By JAMEY KEATEN and MARIA CHENG undefined
GENEVA (AP) — The head of the World Health Organization on Wednesday lamented the U.S. decision to halt funding for the U.N. agency, promising a review of its decisions while sidestepping President Donald Trump's complaints about its alleged mismanagement, cover-up and missteps.
WHO Director-General Tedros Adhanom Ghebreyesus was on the defensive after Trump announced a halt to U.S. funding that has totaled nearly a half-billion dollars annually in recent years. Trump claimed the WHO had parroted Chinese assurances about how the virus is spread, failed to obtain virus samples from China, and made a "disastrous decision" to oppose travel restrictions as the outbreak spread.
Countries and health experts around the world expressed alarm at Trump's move and warned it could jeopardize efforts to fight the coronavirus pandemic. Philanthropists like Bill Gates and Michael Bloomberg joined European and African leaders and health experts who lined up behind the WHO or insisted the U.S. shouldn't cut off funding at such a critical time.
While Trump pointed to a U.S. investigation of the U.N. agency, Tedros stopped short of addressing his complaints directly and said the WHO's performance in handling the outbreak would be reviewed as part of a "usual process" to ensure transparency and accountability.
"We regret the decision of the president of the United States to order a halt in funding to the World Health Organization," Tedros said. "WHO is reviewing the impact on our work of any withdrawal of U.S. funding and will work with our partners to fill any financial gaps we face."
"No doubt, areas for improvement will be identified and there will be lessons for all of us to learn," he added. "But for now, our focus – my focus – is on stopping this virus and saving lives."
The exact fallout from a halt in U.S. funding was far from clear.
The WHO runs on biennial budgets, and U.S. funding comes in two main forms — about three-fourths of it through "voluntary" contributions and one-fourth through "assessed" contributions, which are a bit like regular dues. The U.S. already contributed at least $15 million to a $675 million emergency fund set up by the WHO to help pay for the initial coronavirus response through April.
"Trump has a mercurial reputation. So he sort of promises death and destruction and then it doesn't necessarily happen," said Gian Luca Burci, a former legal counsel for WHO who now teaches at Geneva's Graduate Institute. "I think it will become more clear in the next few weeks."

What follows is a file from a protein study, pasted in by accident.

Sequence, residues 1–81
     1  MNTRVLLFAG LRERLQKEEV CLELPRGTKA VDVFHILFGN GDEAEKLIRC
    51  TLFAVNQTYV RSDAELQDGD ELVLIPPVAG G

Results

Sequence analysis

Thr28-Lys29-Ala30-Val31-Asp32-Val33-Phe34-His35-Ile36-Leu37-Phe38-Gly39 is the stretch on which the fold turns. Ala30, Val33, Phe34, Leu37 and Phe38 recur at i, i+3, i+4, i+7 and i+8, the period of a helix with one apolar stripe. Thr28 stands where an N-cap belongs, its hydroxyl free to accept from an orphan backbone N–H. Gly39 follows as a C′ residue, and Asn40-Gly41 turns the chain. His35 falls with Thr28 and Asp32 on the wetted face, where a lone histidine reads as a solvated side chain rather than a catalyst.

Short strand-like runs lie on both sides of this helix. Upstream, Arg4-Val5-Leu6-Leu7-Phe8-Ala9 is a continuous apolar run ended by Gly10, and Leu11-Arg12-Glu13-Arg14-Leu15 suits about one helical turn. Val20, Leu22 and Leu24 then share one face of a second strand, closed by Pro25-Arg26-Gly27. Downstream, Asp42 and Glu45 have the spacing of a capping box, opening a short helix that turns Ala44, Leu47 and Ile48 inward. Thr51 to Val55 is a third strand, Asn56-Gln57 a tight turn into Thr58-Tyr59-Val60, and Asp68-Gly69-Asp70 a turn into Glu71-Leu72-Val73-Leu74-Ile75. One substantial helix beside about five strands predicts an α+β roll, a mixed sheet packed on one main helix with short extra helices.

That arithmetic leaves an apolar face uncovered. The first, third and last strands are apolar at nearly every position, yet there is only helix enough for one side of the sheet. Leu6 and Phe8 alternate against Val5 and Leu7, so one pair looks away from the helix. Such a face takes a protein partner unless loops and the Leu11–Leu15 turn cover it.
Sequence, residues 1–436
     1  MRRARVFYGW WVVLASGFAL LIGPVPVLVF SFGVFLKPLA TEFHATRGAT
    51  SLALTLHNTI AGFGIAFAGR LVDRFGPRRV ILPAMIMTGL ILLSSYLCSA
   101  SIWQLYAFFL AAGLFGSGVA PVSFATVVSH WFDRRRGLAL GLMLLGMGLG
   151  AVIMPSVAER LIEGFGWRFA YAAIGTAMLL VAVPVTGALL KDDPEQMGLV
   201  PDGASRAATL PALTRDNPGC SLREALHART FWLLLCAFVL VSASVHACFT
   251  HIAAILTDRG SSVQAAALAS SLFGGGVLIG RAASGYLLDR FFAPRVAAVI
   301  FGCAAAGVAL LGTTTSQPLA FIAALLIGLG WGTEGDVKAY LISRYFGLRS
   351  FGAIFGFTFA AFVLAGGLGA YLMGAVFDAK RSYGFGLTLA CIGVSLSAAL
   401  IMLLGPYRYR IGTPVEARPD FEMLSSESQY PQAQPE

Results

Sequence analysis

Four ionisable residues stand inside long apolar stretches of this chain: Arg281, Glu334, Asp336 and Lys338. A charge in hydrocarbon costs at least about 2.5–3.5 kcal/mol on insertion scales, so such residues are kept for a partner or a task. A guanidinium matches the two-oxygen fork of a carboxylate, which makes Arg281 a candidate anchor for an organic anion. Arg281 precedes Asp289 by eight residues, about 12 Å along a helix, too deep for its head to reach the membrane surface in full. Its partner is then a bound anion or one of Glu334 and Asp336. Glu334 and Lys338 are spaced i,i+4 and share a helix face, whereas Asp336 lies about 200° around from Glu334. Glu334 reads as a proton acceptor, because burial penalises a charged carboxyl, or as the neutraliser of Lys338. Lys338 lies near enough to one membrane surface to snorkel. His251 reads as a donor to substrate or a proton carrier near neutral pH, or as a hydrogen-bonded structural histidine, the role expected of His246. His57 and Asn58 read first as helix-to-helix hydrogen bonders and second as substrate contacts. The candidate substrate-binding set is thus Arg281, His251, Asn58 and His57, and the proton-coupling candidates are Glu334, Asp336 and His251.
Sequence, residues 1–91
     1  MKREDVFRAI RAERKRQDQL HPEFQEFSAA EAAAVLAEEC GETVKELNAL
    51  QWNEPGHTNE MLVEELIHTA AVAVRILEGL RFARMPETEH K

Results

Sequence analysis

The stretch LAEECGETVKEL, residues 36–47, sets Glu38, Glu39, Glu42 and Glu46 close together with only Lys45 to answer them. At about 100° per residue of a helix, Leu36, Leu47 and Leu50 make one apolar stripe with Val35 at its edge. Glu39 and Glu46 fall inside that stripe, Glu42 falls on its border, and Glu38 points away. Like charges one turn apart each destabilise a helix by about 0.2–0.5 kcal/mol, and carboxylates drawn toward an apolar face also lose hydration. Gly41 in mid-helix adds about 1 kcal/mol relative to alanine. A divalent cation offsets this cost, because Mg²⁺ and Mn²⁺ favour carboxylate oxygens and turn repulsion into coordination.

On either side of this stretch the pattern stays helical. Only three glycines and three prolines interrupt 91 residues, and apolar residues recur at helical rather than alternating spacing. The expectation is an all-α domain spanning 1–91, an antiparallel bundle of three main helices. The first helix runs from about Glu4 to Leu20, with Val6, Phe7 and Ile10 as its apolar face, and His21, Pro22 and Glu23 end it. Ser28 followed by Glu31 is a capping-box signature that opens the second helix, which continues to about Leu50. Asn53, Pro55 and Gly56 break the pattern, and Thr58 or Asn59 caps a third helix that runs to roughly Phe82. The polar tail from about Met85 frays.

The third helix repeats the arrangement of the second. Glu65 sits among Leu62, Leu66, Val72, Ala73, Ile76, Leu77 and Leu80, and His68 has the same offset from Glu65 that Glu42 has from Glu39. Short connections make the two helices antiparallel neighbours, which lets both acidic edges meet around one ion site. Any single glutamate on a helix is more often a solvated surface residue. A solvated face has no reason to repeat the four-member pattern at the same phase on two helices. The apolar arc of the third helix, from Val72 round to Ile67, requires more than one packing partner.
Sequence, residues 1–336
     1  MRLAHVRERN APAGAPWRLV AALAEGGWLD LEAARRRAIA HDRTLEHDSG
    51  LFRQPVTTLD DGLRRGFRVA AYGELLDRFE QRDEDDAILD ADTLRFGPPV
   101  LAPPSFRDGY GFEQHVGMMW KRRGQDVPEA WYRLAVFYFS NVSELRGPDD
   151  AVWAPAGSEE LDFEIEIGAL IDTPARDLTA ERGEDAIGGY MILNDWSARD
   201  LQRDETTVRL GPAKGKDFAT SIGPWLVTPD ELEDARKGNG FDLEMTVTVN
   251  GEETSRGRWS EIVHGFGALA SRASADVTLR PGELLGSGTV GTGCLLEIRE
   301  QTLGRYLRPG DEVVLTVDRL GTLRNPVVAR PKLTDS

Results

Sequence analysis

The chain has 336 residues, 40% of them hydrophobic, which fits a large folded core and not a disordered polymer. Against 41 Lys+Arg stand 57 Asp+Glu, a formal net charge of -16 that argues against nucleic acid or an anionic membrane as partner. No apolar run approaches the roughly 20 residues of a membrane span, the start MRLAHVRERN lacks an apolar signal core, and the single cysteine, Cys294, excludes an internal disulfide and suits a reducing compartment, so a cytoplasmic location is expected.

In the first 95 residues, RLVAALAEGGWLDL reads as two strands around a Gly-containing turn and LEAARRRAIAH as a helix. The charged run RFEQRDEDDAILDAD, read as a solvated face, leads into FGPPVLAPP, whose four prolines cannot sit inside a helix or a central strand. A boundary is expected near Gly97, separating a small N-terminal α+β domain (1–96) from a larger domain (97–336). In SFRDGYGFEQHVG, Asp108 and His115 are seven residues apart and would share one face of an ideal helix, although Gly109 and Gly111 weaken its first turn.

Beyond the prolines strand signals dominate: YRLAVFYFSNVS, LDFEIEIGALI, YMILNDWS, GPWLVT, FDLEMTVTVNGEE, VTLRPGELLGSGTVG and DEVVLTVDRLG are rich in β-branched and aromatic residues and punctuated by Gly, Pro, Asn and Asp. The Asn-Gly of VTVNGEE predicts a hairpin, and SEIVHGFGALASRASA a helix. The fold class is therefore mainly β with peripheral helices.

He noted WHO's tricky task of uniting opposing constituencies: China and the U.S. have been at odds on a number of issues.
"Maybe Tedros went too far," he said. "But you can see also some of the reasons why he wanted to secure China's cooperation."
Trump has repeatedly labelled COVID-19 the "Chinese virus" and criticized the agency for being too lenient on China, where the novel coronavirus first emerged late last year.
Outside experts have questioned China's reported infections and deaths from the virus, calling them way too low and unreliable. An investigation by The Associated Press has found that a six-day delay between when Chinese officials learnt about the virus and when they warned the public allowed the outbreak to blossom into an enormous public health disaster.
The WHO has been particularly effusive in its praise for China, calling on other countries to emulate its approach and repeatedly praising its transparency.
Tedros has also heaped compliments on Trump, praising his "great job" in responding to the outbreak last month.
The European Union on Wednesday said Trump has "no reason" to freeze WHO funding at this critical stage and called for measures to promote unity instead of division.
In Beijing, Chinese foreign ministry spokesman Zhao Lijian said the country is "seriously concerned" about the U.S. decision.
A spokesman for British Prime Minister Boris Johnson, who this week emerged from intensive care after contracting the virus, declined to criticize either China or Trump.
"The U.K. has no plans to stop funding the WHO, which has an important role to play in leading the global health response," James Slack said.
Political fault lines emerged in the U.S., with Speaker of the House Nancy Pelosi, a Democrat, saying the "dangerous, illegal" decision to halt funding "will be swiftly challenged." Sen. Lindsay Graham, a Republican ally of Trump, insisted that "we cannot afford China apologists running the WHO."
Aid workers in developing countries worried they might be hit hardest.
"Trump's decision ... is pulling the rug out from under our feet at a pivotal moment. It will impact the humanitarian community as a whole," said Tom Peyre-Costa, regional media adviser for Central and West Africa for the Norwegian Refugee Council. "It defies logic at the height of a global pandemic and will lead to many more deaths."
On Twitter, Bill Gates — whose foundation was the agency's second-largest donor for its latest two-year budget, contributing over $530 million — wrote that stopping funding for the WHO during a world health crisis "is as dangerous as it sounds."
Worldwide, the pandemic has infected over 2 million people and killed over 128,000, according to a tally by Johns Hopkins University.
Some global health academics said Trump's attacks might actually strengthen WHO credibility.
"If Trump was making a great success of the pandemic response in the U.S., if there were minimal cases and deaths there, that might be different," said Sophie Harman, a professor of international politics at Queen Mary University of London. "But things are getting worse and that reinforces the need for WHO."